Okay, yesterday I met with the occupational therapist at Gus’s kindergarten. Turned out to be a sort of general-information, get-acquainted thing. When he learned to walk and talk, is there any possibility of vision or hearing problems, allergies, whatever. Then she went up to meet him and he was very…himself. Little Mr. Sunshine has gotten progressively moodier and grouchier, but he may just be growing into his personality. When he’s in a Mood he glowers at the floor and hunches his shoulders, and Robert says he can very clearly remember doing exactly the same thing at that age.
Interesting side note: one of the main reasons it took Ignatz so long to get diagnosed is that I was always making excuses for him, the crowning one being: “Oh, it’s not a problem, I did that when I was a kid too.” So now it’s apparently Robert’s turn to say the same. Makes one wonder. Anyway, we are skeptical, but we’re agreeing for the time being to work with the therapist, just in case. We made a mistake with Ignatz, and we’d rather not repeat it.
Anyway. That was that. If Gus does see a therapist, it won’t be what you’re envisioning, lying on a couch and talking about the digger we wouldn’t let him have when he was two and how it scarred him emotionally so now he doesn’t think he can commit to a serious relationship with any plastic toy, ever. She’ll have a group of kids, and they’ll all troop off together for an hour or so on Wednesday mornings for some slightly-more-structured play. And it will happen within the kindergarten day, so it won’t be Yet Another Thing I Have To Remember, which is good, because I’m already past capacity. So okay. We’ll see.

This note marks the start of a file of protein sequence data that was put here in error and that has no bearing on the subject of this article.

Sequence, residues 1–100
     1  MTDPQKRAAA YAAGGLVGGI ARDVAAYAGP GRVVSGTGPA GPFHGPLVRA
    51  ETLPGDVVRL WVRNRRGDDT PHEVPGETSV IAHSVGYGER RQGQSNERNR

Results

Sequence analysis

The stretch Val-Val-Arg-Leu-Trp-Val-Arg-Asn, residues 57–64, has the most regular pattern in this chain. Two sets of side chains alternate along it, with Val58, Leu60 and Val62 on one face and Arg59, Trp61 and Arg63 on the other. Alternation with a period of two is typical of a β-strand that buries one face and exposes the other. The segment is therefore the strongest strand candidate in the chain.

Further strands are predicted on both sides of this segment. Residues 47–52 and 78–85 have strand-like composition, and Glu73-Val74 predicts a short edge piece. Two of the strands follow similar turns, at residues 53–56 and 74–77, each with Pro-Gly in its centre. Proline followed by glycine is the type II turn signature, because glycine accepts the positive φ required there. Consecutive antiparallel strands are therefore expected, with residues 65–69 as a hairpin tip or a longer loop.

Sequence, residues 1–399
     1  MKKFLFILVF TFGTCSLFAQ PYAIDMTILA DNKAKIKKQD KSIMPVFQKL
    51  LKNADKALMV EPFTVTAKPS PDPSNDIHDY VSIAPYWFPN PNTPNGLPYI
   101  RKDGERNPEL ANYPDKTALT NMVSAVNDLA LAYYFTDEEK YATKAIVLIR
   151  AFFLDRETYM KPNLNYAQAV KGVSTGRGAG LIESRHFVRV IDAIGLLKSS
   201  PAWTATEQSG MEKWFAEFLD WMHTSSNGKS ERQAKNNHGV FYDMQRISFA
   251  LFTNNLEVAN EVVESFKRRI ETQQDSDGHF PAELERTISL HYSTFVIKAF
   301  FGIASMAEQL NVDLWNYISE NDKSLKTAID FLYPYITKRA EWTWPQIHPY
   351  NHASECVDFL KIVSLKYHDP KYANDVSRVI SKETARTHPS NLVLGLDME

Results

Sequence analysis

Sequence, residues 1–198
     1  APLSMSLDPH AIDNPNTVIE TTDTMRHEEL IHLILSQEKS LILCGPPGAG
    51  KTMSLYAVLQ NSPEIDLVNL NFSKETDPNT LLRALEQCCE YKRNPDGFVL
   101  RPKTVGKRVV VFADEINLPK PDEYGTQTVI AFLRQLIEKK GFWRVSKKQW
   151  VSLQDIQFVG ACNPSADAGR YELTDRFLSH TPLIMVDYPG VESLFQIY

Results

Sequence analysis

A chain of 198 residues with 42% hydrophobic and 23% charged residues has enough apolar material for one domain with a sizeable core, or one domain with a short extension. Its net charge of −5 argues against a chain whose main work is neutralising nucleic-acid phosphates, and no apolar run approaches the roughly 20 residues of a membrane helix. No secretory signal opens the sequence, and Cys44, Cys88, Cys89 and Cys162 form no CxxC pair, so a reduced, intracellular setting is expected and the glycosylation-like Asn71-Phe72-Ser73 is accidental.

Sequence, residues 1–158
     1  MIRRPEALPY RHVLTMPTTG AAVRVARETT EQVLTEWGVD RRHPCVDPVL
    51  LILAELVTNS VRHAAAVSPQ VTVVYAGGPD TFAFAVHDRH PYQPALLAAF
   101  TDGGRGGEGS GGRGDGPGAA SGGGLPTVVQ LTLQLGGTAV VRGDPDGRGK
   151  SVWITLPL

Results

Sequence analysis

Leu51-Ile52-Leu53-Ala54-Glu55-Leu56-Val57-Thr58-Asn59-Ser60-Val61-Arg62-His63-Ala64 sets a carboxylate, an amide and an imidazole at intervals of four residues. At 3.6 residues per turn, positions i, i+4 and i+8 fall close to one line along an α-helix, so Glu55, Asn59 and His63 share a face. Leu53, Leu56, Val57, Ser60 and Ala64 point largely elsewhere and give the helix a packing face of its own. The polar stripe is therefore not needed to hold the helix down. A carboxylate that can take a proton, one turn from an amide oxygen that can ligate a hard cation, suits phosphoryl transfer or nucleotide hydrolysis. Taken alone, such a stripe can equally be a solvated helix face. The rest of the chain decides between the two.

I talked to Mom last night. She sounded much better, much more cheerful. She saw a doctor yesterday, and he thinks that the tumor in her back, while it’s not growing, is pressing on her spinal cord, which is why she’s losing some motor control in her legs. She’s taking, um, Dexamethecin (sp?) 3x/day to shrink the tumor back and return some sensory-whatever. But she still has to get a wheelchair, which she is cheerful about because it’s much easier than having Jerry half-carry her around all the time. And a hospital bed in the living-room, because she keeps scooching down on the couch and can’t really get herself back up.
The methadone was knocking her out, but they’ve adjusted the dosage, so now it’s controlling the pain but she’s staying alert, so that’s better. Her moods are evening out a bit, and she’s getting physical therapy and occupational therapy. She probably won’t get better enough to walk again, at least not to the point of not needing a wheelchair, but she is getting to a situation she can live with. That’s a relief. And if she can avoid any kind of infection while she’s still so weak, she probably won’t die anytime soon. All good news.
But it does mean we have to start worrying about money. As I understand it, she has to spend down her assets before she can qualify for disability, and then she has to be on disability for a whole year before she can get medicare, which is getting slashed by the stupid government anyway. And disability doesn’t have any kind of health insurance to it, and if you can afford health insurance you don’t qualify for disability. So if you’re too sick to work, you can’t have medical care for a year. What the hell? She has something called “COBRA” under which she can get health insurance for $600/month for 18 months after she quits working, so if the disability paperwork gets done in time, she should qualify for medicare about when the COBRA thing runs out. But still, that’s $10,800 she’ll have to pay for health insurance over the next 18 months, and the way things are working now, she gets her prescription or therapy or whatever and then her insurance decides what it will cover and what it will not, so it’s going to wind up costing quite a bit more. At the moment I don’t know what to do about this, but I’m thinking about it.